Edison hosts Wounded Warrior Project speaker


By Charlotte Caldwell

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PIQUA — As part of National Veterans and Military Families Month, the Diversity Committee at Edison State Community College hosted Wounded Warrior Project Speaker Cindy Parsons on Nov. 8 to talk about her experience with her veteran son who was injured in combat.

Parsons, of Fostoria, a licensed registered nurse, serves on the board of the Brain Injury Association of Ohio, and is a member of the Findlay Old Millstream Toastmasters Club and the National Speaker’s Association. For the Wounded Warrior Project (WWP), she is part of Warriors Speak, a group of veterans and caregivers who advocate for injured veterans by sharing their stories and spreading the word about WWP. Besides her son getting wounded, she has faced multiple hardships throughout her life.

Parsons’ dad served in the Army and then the Ohio National Guard. She was a senior in high school when her dad got third-degree burns on 75% of his body from lighting a fire near an unknown gas leak. This inspired her to become a nurse. Her dad would say, “Cindy be strong. We must make sacrifices to help others.”

“I never understood what those words truly meant until later in my life growing up. I realized those words emulate over and over again,” Parsons said.

Another challenge came when she and her husband, Rick, were married for seven years and were trying for a kid when he found out he had brain cancer. She found out she was pregnant before he started chemotherapy. Their son, Shane, was six months old when his dad died. Later in her life, she also found out she had breast cancer.

Shane was on the wrestling team and played football in school. He decided after 9/11 and after graduating that he was going to join the Army. He was deployed to Iraq in December 2005.

“I thought, ‘oh no, I know the ramifications of war Shane.’ He said ‘mom, I have to do this. I don’t want anybody coming to our country and terrorizing anyone else including my family, my friends, this country.’ So I had to back him up,” Parsons said. “I didn’t let him hear me cry, I didn’t let him understand that I knew what was gonna happen with this and I just made him promise me ‘you do the best that you can and you come home, you come home to me.’”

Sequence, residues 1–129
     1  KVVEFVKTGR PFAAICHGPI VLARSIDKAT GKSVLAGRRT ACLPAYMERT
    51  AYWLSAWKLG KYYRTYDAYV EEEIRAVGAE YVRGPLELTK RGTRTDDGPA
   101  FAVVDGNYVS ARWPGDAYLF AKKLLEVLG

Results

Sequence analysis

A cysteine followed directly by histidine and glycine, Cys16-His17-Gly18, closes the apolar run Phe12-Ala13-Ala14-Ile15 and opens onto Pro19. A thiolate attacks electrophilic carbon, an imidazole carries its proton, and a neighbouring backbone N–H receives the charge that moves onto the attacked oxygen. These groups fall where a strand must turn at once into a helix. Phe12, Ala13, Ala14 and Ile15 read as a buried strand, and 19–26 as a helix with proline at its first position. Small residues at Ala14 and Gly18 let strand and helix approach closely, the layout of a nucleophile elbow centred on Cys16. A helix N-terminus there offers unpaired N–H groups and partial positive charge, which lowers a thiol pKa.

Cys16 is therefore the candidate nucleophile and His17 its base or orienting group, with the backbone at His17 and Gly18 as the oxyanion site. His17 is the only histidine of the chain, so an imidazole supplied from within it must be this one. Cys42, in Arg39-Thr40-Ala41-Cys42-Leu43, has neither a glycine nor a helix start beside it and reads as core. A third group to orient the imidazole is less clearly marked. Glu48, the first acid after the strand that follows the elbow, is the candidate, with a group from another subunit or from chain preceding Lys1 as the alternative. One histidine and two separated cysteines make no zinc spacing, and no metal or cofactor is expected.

On Sept. 30, 2006, on his day off, he offered to drive the lead Humvee to do reconnaissance when an Explosively Formed Penetrator (EFP) — more powerful than an Improvised Explosive Device (IED) — was detonated. He was 21. He almost bled out and his heart stopped on the battlefield, and both legs were eventually amputated. The reduced blood flow also caused a traumatic brain injury.

“I thought this was a dream, this can’t be real, somebody’s playing a joke. And then reality set in and I dropped to my knees. I cried my head off thinking nothing’s ever going to be the same. It’ll never be the same, and then my dad’s words emulated saying ‘Cindy be strong. We must make sacrifices. We have to make sacrifices.’ I stood back up and I realized ‘OK. I can do this,’” Parsons said. “I’m a nurse; I assess my patient from head to toe. But when I walked in that room and I saw my son with a tube protruding out of his brain and that blanket flat from his torso, I couldn’t lift the blanket. All I could do was yell at him and say ‘Shane, you fight. Don’t you die, because I know you can do this.’”

Shane’s heart stopped a second time before boarding the plane back to the U.S.

“If it wasn’t for the nurses. the doctors, the Navy Corpsmen, the medics, Shane wouldn’t be here,” Parsons said. “The medical technology and the education that they have is just truly amazing. Shane would not be here today —many of our warriors wouldn’t — because of the dedication. Because of their courage and their strength and their knowledge.”

Shane stayed months at Walter Reed Army Medical Center in Maryland and underwent 15 surgeries on his legs. He had to learn how to do everyday tasks over. He can’t read or write and has long-term and short-term memory loss. After Walter Reed he went to a traumatic brain injury center and another center to learn how to walk with prosthetics but it didn’t work since his amputations were too high.